Independent Contractor Misclassification
Did you know that not all employees are called “employees”? Many of the cases that we handle here at Gold Star Law which involve unpaid wages and unpaid overtime are a result of an individual being misclassified as an independent contractor instead of an employee. Someone who is correctly classified as an independent contractor in not entitled to the same benefits and protections that an employee is entitled to under the Fair Labor Standards Act (“FLSA”) and other employment laws. Among other things, the FLSA dictates that employees, with some exceptions (known as exemptions), are generally entitled to be compensated at a rate which equals at least minimum wage for all hours worked up to 40 hours per week and at a rate of 1 and ½ times their regular rate of pay for all hours worked in excess of 40 hours per week. However, because independent contractors are not employees, the FLSA does not apply to them. In other words, if an employer properly classifies someone as an independent contractor then they are not legally required to pay that person minimum wage or overtime.
There are a lot of reasons an employer might incorrectly call someone an “independent contractor” when they are really an employee, and a lot of ways it can hurt that employee. Often, the employer just doesn’t know the difference and thinks what they are doing is fine. Other times, they do it to avoid paying the taxes employers are required to pay, which places all of the tax burden on the worker. Sometimes they do it to avoid paying benefits or being responsible if someone is injured on the job. Some do it to avoid liability for employment law-related claims, such as harassment and discrimination. Often, they do it to avoid paying someone the overtime and minimum wage they are owed as a matter of law. If you are truly an employee who has been misclassified as an independent contractor, you are entitled to all of the rights of an employee.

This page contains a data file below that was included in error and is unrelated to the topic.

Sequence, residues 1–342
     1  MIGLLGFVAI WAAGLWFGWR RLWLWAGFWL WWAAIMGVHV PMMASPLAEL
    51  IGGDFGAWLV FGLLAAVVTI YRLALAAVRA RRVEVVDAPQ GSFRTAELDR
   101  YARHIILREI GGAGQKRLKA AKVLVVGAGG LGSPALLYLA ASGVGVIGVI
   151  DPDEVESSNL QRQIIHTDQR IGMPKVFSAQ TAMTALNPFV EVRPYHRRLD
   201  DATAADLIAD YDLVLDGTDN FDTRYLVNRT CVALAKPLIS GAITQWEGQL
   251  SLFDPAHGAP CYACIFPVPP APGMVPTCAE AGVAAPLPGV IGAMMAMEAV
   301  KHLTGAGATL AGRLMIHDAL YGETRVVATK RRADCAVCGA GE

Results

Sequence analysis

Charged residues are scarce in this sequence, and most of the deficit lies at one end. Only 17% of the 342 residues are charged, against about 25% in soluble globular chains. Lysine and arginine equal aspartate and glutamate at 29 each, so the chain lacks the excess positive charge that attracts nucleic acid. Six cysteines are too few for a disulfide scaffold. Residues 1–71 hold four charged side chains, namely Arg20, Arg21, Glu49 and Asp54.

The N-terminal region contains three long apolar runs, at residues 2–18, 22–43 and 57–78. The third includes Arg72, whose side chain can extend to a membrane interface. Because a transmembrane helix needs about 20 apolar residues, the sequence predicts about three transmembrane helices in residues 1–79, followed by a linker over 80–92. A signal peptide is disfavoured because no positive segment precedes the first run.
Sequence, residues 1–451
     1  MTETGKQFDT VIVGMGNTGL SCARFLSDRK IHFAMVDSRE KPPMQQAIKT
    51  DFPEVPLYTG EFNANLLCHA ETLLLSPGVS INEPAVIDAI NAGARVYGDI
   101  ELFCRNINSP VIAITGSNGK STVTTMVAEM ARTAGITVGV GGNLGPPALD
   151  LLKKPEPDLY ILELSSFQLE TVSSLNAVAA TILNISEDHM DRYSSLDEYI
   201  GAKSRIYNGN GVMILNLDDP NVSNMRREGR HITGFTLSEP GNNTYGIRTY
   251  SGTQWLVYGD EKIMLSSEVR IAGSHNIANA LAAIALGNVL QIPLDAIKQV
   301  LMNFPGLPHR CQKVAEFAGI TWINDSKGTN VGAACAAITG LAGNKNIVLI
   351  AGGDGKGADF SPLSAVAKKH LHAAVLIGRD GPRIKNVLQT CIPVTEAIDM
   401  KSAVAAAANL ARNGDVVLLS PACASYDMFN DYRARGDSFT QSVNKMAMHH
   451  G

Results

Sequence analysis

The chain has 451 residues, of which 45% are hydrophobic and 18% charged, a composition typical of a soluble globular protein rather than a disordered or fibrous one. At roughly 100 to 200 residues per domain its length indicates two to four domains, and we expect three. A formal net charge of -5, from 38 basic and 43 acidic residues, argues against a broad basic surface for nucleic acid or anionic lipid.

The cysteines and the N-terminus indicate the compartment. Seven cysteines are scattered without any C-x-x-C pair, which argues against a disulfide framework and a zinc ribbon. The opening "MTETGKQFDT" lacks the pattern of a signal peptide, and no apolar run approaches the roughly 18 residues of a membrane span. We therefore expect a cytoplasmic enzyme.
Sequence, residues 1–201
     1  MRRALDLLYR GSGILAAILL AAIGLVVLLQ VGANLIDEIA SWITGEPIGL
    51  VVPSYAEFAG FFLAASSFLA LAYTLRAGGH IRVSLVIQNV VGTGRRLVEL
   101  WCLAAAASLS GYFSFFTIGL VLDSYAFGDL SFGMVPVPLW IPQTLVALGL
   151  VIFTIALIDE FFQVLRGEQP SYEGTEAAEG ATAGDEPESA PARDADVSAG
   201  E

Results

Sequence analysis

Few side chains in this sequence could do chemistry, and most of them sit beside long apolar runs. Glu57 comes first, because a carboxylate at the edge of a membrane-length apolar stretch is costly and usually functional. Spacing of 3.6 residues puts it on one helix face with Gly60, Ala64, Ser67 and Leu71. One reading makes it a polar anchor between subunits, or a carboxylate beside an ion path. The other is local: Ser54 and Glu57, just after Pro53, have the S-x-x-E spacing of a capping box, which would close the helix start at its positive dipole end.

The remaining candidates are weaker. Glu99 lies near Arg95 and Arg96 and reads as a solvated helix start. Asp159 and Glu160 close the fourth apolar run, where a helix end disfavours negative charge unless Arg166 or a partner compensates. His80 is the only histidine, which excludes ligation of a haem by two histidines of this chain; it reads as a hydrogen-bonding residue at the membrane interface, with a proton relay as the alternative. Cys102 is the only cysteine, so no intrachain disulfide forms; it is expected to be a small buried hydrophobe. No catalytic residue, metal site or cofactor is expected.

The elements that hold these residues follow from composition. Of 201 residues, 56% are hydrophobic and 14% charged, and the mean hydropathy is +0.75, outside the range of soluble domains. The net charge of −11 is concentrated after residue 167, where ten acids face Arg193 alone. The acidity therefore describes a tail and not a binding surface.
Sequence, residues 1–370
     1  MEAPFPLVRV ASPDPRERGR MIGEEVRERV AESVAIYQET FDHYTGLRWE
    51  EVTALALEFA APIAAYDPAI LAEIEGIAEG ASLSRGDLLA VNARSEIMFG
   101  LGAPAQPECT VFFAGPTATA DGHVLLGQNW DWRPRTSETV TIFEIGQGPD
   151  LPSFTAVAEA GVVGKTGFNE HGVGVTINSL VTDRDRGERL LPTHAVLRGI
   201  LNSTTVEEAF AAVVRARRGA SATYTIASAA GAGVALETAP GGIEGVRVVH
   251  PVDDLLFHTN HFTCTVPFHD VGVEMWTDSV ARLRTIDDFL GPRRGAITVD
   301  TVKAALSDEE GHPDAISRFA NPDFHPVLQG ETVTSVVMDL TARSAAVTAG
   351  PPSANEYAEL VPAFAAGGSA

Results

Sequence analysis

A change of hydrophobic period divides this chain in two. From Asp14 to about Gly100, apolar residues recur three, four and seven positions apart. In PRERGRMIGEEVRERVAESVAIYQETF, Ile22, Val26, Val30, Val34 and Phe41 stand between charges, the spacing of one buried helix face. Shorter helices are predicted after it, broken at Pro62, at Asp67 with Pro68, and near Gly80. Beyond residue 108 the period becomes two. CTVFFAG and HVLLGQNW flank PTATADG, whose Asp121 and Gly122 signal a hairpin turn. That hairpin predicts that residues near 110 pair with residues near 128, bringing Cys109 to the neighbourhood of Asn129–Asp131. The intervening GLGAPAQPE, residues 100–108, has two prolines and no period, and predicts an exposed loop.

Unfortunately, many people who are classified as independent contractors are actually employees who were misclassified and therefore they are entitled to earn at least minimum wage and overtime. Generally speaking, an employee is someone who is dependent upon the business in which they perform work, while an independent contractor is a person who is engaged in a business of their own and generally performs services under a contract.
There are several factors which help the courts determine whether a person is an independent contractor or an employee within the coverage of the FLSA. The factors that help the court to determine an individual’s proper classification is known as the Economic Realities Test. These factors include:
- The extent to which the services rendered are an integral part of the principal’s business.
- The permanency of the relationship.
- The amount of the alleged contractor’s investment in facilities and equipment.
- The nature and degree of control by the principal.
- The alleged contractor’s opportunities for profit and loss.
- The amount of initiative, judgment, or foresight in open market competition with others required for the success of the claimed independent contractor.
- The degree of independent business organization and operation.
Some questions that help determine the above factors include:
- Whether or not the individual is able to refuse work.
- Whether the individual supplies the tools and materials needed to perform the job or if those tools and materials are supplied by the business.
- Whether the individual is allowed to perform the same work for other businesses.
- Whether the individual can subcontract out the work they are paid to complete.
- Whether the individual can set their own schedule.
- Whether the individual receives a W-2 or 1099 tax form.
- Whether the individual performed their work under a contract.
No one factor is enough to make the determination whether an individual is an employee or an independent contractor; instead the employment relationship must be analyzed in its entirety. If you believe that you have been misclassified as an independent contractor and that you should be an employee, contact Gold Star Law today.